Plump a. [Compar. Plumper superl. Plumpest.]
1. Well rounded or filled out; full; fleshy; fat; as, a plump baby; plump cheeks.
The god of wine did his plump clusters bring. --T. Carew.
2. Done or made plump, or suddenly and without reservation; blunt; unreserved; direct; downright.
After the plump statement that the author was at Erceldoune and spake with Thomas. --Saintsbury.
Plump, n. A knot; a cluster; a group; a crowd; a flock; as, a plump of trees, fowls, or spears. [Obs.]
To visit islands and the plumps of men. --Chapman.
Plump, v. i.
1. To grow plump; to swell out; as, her cheeks have plumped.
2. To drop or fall suddenly or heavily, all at once.“Dulcissa plumps into a chair.”
3. To give a plumper. See Plumper, 2.
Plump, v. t. [imp. & p. p. Plumped p. pr. & vb. n. Plumping.]
1. To make plump; to fill (out) or support; -- often with up.
To plump up the hollowness of their history with improbable miracles. --Fuller.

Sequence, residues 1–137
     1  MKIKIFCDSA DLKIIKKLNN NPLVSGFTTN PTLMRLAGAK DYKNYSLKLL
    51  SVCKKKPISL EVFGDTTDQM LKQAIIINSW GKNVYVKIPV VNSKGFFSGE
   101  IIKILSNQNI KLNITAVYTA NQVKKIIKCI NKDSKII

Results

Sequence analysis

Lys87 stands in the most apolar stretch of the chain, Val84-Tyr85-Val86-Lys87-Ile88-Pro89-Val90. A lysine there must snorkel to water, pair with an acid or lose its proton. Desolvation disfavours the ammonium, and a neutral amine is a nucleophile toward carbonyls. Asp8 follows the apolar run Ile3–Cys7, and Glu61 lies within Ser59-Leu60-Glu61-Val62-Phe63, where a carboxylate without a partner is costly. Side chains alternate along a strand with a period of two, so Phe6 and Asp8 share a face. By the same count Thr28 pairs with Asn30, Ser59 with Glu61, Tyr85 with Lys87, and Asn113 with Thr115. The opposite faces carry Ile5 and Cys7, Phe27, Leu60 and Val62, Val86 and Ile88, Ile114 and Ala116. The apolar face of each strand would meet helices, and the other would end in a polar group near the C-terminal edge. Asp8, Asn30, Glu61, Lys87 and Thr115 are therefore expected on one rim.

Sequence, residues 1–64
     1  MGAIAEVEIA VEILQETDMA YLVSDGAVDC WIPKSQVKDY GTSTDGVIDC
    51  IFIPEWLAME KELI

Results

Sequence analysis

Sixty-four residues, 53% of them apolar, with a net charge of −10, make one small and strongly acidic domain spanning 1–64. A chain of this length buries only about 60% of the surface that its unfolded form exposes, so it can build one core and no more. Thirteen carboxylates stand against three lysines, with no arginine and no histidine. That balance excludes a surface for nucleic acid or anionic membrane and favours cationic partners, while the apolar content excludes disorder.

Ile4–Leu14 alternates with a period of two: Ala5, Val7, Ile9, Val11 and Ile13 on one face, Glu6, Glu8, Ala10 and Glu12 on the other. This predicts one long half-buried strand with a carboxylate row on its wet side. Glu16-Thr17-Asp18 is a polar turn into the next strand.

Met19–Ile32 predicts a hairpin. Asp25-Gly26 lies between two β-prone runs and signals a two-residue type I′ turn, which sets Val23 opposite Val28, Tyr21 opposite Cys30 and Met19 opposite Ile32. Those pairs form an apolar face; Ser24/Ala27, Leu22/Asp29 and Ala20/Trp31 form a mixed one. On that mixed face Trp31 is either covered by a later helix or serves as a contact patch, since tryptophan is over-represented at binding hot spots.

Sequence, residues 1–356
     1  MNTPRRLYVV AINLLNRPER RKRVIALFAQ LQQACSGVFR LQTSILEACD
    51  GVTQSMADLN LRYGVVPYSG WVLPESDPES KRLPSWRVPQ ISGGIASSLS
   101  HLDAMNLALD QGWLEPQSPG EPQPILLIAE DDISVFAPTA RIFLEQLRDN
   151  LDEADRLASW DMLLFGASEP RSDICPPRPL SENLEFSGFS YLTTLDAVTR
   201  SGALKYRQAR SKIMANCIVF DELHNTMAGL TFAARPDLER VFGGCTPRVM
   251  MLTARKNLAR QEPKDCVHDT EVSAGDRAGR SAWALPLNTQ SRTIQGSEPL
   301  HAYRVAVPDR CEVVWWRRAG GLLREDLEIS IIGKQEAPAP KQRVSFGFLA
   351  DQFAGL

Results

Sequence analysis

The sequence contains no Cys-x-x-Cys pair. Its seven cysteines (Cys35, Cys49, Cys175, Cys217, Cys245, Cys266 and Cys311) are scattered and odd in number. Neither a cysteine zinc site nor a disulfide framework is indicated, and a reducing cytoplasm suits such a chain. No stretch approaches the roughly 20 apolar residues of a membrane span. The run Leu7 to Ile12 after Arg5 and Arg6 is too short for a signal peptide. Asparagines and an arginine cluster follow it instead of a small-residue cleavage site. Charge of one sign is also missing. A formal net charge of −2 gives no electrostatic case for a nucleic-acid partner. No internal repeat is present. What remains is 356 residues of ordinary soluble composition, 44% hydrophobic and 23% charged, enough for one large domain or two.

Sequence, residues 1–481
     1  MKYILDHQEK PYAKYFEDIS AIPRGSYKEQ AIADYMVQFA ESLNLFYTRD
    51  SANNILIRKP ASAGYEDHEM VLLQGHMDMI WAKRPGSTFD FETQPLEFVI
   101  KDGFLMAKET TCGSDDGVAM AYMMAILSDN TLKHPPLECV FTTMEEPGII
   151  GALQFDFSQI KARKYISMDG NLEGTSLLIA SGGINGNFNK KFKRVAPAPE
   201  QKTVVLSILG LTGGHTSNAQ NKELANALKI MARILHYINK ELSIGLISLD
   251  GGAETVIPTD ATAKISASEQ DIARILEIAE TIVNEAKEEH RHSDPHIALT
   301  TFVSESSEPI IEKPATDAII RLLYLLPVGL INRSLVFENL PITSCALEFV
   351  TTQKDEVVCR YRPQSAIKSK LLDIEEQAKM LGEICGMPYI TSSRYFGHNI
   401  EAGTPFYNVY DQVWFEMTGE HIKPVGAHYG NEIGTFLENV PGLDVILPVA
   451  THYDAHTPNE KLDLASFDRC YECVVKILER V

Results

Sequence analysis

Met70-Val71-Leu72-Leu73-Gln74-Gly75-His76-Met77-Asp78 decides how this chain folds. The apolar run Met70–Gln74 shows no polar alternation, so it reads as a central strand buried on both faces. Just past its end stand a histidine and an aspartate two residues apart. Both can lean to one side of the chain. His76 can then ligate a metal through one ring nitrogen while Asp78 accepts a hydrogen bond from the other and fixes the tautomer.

2. To cast or let drop all at once, suddenly and heavily; as, to plump a stone into water.
3. To give (a vote), as a plumper. See Plumper, 2.
Plump, adv. Directly; suddenly; perpendicularly. “Fall plump.”
adj : euphemisms for slightly fat; "a generation ago...buxom
actresses were popular"- Robt.A.Hamilton; "chubby
babies"; "pleasingly plump" [syn: buxom, chubby, embonpoint,
n : the sound of a sudden heavy fall
adv : straight down especially heavily or abruptly; "the anchor
fell plump into the sea"; "we dropped the rock plump
into the water"
v 1: drop sharply; "The stock market plummeted" [syn: plummet]
2: set (something or oneself) down with or as if with a noise;
"He planked the money on the table"; "He planked himself
into the sofa" [syn: plank, flump, plonk, plop, plunk,
plump down, plunk down]
3: make fat or plump; "We will plump out that poor starving
child" [syn: fatten, fat, flesh out, fill out, plump
out, fatten out, fatten up]
4: give support (to) or make a choice (of) one out of a group
or number; "I plumped for the losing candidates" [syn: go]